I am so excited for you to spend the next year in the”Catholic Bible.” Before you begin, let me explain first what makes a Catholic Bible a Catholic Bible.
Quite simply, an intact Bible meaning it contains all 73 Books of the Bible. These Bibles will be labeled Catholic Bible or will say, “with Deuterocanonicals/Apocrypha.” From EWTN, “In 1534, Martin Luther translated the Bible into German. He grouped the seven deuterocanonical books of the Old Testament under the title “Apocrypha,” declaring. “These are books which are not held equal to the Sacred Scriptures and yet are useful and good for reading.” Luther also categorized the New Testament books: those of God’s work of salvation (John, Romans, Galatians, Ephesians, I Peter, and I John); other canonical books (Matthew, Mark, Luke, Acts, rest of Pauline epistles, II Peter, and II John); a non-canonical books (Hebrews, James, Jude, Revelation, and books of the Old Testament).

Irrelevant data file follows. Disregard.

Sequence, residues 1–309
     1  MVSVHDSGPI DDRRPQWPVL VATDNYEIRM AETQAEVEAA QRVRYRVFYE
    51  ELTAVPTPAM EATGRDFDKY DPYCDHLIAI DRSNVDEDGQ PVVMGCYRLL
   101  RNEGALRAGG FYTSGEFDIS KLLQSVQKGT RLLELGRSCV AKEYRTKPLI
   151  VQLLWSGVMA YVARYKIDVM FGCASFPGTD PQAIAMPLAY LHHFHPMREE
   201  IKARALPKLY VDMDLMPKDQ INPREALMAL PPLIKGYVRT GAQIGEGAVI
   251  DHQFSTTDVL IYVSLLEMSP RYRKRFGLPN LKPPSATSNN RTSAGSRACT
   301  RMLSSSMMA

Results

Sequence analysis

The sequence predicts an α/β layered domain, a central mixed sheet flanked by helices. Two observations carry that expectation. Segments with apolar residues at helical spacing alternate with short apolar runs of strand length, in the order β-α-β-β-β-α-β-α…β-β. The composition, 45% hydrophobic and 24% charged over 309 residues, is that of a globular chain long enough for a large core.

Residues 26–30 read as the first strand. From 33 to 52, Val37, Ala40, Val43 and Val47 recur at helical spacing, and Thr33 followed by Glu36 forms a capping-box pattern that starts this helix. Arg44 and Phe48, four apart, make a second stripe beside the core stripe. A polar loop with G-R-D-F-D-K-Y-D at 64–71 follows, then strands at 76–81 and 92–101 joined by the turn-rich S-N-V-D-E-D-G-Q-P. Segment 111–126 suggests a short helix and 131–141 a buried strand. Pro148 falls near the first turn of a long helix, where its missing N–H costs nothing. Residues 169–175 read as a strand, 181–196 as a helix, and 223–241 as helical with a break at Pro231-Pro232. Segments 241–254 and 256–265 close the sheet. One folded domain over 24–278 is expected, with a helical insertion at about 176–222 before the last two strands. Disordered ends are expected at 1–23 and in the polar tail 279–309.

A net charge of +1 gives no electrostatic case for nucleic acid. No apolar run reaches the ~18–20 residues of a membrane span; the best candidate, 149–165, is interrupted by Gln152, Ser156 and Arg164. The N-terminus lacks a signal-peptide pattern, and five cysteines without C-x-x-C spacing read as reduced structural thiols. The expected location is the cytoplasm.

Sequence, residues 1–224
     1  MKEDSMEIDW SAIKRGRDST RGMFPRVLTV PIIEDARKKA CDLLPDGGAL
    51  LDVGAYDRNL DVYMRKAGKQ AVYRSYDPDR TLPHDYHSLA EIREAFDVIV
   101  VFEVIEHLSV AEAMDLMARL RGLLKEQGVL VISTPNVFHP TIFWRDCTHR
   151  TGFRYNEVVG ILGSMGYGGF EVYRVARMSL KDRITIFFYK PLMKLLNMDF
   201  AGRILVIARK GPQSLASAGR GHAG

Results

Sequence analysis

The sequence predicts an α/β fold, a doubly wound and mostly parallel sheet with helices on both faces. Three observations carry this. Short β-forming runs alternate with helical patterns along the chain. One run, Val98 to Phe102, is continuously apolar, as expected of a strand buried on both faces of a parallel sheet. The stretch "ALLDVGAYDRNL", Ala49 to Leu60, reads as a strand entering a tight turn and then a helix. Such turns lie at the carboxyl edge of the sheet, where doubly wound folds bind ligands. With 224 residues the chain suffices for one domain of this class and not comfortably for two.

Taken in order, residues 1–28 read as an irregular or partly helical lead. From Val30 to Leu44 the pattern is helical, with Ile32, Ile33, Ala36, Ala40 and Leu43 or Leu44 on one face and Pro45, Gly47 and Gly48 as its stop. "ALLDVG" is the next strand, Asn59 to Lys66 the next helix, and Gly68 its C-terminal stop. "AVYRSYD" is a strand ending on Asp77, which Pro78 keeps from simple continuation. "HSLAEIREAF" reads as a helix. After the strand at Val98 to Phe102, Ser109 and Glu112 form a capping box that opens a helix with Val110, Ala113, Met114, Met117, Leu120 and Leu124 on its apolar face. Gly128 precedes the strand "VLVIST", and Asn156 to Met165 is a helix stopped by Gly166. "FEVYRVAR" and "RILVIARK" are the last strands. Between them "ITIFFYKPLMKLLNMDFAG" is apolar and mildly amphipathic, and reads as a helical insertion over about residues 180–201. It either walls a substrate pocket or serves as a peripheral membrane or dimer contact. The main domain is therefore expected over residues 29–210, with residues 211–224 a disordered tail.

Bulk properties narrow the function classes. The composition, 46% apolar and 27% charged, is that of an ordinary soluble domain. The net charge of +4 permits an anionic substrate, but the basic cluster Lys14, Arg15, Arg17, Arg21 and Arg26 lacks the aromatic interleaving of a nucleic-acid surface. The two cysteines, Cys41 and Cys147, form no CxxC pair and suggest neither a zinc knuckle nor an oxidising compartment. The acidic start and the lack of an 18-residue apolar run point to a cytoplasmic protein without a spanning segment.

Many Church historians speculate that Luther was prepared to drop what he called the “non-canonical books” of the New Testament but refrained from doing so because of possible political fallout. Why Luther took this course of action is hard to say. Some scholars believe Luther wanted to return to the “primitive faith,” and therefore accepted only those Old Testament books written in Hebrew originally; others speculate he wanted to remove anything that disagreed with his own theology. Nevertheless, his action had the permanent consequence of omitting the seven deuterocanonical books of the Old Testament in Protestant versions of the Bible.”
Even though Martin Luther grouped and then eventually removed seven Books of the Bible, he still thought they were of some value to be read, “These books which are not held equal to the Sacred Scriptures and yet are useful and good for reading.”